A metal mannequin head used in the film "Hugo" (2011) at the Martin Scorsese exhibition in Berlin on January 9, 2013
A Berlin museum will Wednesday open what it called the first exhibition worldwide dedicated to the work of veteran US film-maker Martin Scorsese, who opened his vast archive for the show.
Featuring relics such as Robert De Niro's shirt drenched in fake blood from "Cape Fear" and his battered boxing gloves from "Raging Bull", the show at the Museum for Film and Television offers an in-depth look at Scorsese's half-century of cinema.
The 70-year-old Oscar winner was unable to attend the gala opening because he is editing "The Wolf of Wall Street", his fifth picture starring Leonardo DiCaprio, whose filming was delayed by Hurricane Sandy in October.
But he said in a video message shown to reporters that he was honoured to be the subject of a show at a museum whose permanent collection is devoted to the work of icons such as Marlene Dietrich, Fritz Lang and F.W. Murnau.
"Some of the objects you will see have literally been taken off the walls of my house and my office," said Scorsese, who also narrates the show's audio guide.
"I hope these objects and the exhibition... help give you an idea or convey my lifelong passion for film."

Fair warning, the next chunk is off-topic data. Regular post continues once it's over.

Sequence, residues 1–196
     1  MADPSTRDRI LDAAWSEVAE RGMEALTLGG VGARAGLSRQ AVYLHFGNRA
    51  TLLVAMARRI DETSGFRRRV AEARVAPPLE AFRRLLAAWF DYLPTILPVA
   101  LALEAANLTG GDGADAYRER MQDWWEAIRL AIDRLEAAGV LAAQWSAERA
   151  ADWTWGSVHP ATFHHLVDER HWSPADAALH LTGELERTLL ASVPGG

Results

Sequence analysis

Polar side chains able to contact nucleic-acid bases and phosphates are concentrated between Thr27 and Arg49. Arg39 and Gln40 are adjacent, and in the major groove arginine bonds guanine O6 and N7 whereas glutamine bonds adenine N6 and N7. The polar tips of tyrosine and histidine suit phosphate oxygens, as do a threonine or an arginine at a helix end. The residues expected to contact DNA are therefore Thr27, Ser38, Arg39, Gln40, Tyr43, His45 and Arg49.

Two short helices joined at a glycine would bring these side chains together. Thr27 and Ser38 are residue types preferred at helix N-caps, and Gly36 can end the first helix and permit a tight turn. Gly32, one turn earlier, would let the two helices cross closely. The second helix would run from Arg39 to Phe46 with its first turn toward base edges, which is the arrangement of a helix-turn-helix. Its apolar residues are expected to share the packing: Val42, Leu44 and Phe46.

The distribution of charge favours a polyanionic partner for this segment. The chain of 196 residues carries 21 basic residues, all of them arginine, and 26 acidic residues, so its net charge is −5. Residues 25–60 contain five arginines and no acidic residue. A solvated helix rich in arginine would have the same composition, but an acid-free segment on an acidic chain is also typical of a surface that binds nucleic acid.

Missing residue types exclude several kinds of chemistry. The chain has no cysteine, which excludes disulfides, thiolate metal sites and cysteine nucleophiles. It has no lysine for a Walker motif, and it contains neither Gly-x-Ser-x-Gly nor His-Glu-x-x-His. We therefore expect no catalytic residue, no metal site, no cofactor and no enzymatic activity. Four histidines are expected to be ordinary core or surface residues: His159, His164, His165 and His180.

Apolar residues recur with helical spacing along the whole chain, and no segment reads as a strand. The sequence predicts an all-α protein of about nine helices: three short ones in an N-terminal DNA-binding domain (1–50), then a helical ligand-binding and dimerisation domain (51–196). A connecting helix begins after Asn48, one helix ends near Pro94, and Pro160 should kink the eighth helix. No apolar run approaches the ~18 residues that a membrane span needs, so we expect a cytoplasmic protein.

Scorsese made available his personal collection of scripts covered in hand-written notes, vintage posters and photographs for what the museum called the first exhibition devoted exclusively to Scorsese's monumental output.
The show offers up crowd-pleasers such as Cate Blanchett's mustard-yellow evening gown from her Academy Award-winning turn as Katharine Hepburn in "Aviator" and DiCaprio's ragged 19th century suit from "Gangs of New York".
But it also gives aficionados a chance to scrutinise the master's notoriously exacting method with the help of letters between De Niro and Scorsese about developing indelible characters, and hand-drawn storyboards from "Taxi Driver" and "Mean Streets".
"The one bit of direction he gave us for the exhibition was not to focus too much on violence because his work is often reduced to that (by critics)," co-curator Nils Warnecke said.
"And it's true -- if you look at the entire body of work, it really represents only a minority of the films."
The show is broken into three sections starting with a focus on Scorsese's home neighbourhood of Little Italy in Manhattan where family was a source of orientation in a rough world as well as the nucleus of organised crime.
His parents' kitchen table, curios and wedding pictures are among the highlights.
The second section looks at Scorsese as a passionate curator of cinema history who has worked tirelessly to restore classic pictures. The final chapter focuses on the Scorsese aesthetic in his feature films and music documentaries.
The museum's cinema is showing a retrospective of the director's best-known films until January 15.
The exhibition, which will run until May 12 then continue on to Turin and Geneva, is opening just weeks before next month's 63rd Berlin film festival.